In article <[EMAIL PROTECTED]>,
 [EMAIL PROTECTED] (Matthew O. Persico) writes:
>On 11 Jan 2004 17:33:32 -0000, Peter Scott wrote:
>> In article <[EMAIL PROTECTED]>,
>> [EMAIL PROTECTED] (Gabor Szabo) writes:
>>> Any idea how can I use the debugger to find the cause of
>>> a deep recursion in my code ?
>> I don't see the need for the debugger.  Deep recursion is a
>> warning, so
>> just turn the warning into a fatal error with stack trace:
>> % perl -MCarp=confess -we '$SIG{__WARN__} = sub {confess @_ }; \
>> sub foo { foo() } foo'
>Since this will turn ALL warnings into errors, you will have to make sure
> you don't have any warning-causing code in your program before you get to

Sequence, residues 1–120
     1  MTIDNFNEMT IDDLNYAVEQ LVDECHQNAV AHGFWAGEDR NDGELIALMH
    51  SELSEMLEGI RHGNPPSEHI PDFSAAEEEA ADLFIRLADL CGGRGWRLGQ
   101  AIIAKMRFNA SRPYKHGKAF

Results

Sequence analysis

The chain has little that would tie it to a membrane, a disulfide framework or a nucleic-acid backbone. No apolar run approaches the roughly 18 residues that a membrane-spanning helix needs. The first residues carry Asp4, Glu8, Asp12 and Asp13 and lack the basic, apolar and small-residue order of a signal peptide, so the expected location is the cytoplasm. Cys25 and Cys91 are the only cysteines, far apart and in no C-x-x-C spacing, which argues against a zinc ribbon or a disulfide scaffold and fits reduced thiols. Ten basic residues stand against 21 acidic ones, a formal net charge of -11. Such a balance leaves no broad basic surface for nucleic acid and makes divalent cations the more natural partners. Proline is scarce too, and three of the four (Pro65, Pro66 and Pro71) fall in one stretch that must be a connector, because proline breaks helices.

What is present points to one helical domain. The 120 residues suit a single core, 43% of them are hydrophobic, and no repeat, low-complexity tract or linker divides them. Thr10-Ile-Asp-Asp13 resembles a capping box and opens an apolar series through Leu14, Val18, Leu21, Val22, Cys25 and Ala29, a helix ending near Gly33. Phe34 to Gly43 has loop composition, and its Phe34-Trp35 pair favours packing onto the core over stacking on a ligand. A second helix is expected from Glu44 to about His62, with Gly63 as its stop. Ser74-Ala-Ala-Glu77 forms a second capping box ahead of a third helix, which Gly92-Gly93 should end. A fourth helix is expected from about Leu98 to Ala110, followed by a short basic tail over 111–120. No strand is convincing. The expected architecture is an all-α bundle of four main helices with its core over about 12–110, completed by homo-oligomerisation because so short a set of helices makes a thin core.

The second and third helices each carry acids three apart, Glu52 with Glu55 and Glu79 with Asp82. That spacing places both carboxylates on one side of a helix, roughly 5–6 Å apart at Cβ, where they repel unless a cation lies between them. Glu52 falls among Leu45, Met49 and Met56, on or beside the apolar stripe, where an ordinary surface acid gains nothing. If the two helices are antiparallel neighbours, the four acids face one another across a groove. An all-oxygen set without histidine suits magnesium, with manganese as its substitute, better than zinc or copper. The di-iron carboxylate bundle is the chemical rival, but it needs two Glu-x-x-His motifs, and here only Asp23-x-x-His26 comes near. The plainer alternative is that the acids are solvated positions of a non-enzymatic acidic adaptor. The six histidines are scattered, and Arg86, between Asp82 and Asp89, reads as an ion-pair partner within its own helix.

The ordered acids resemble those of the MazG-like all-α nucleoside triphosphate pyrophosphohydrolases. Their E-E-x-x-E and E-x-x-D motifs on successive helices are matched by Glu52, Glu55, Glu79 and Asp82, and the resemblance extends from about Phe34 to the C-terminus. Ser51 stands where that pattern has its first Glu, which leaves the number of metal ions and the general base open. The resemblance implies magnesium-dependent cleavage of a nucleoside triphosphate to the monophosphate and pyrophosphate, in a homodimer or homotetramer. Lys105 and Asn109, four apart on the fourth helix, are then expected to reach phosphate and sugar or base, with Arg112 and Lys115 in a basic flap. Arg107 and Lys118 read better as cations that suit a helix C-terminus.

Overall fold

> the recursion. 

True.  In which case, something like

        $SIG{__WARN__} = sub { $_[0] =~ /recursion/ and confess @_; warn @_ }

should work (untested).

> You will also have to throw the -w switch when you call perl
> (as specified in the example above). If you currently are not running with
> -w (or use warnings;), be prepared for some cleanup work.

The "deep recursion" message only shows up with -w/use warnings, so I
assumed one of them was already turned on.

Peter Scott
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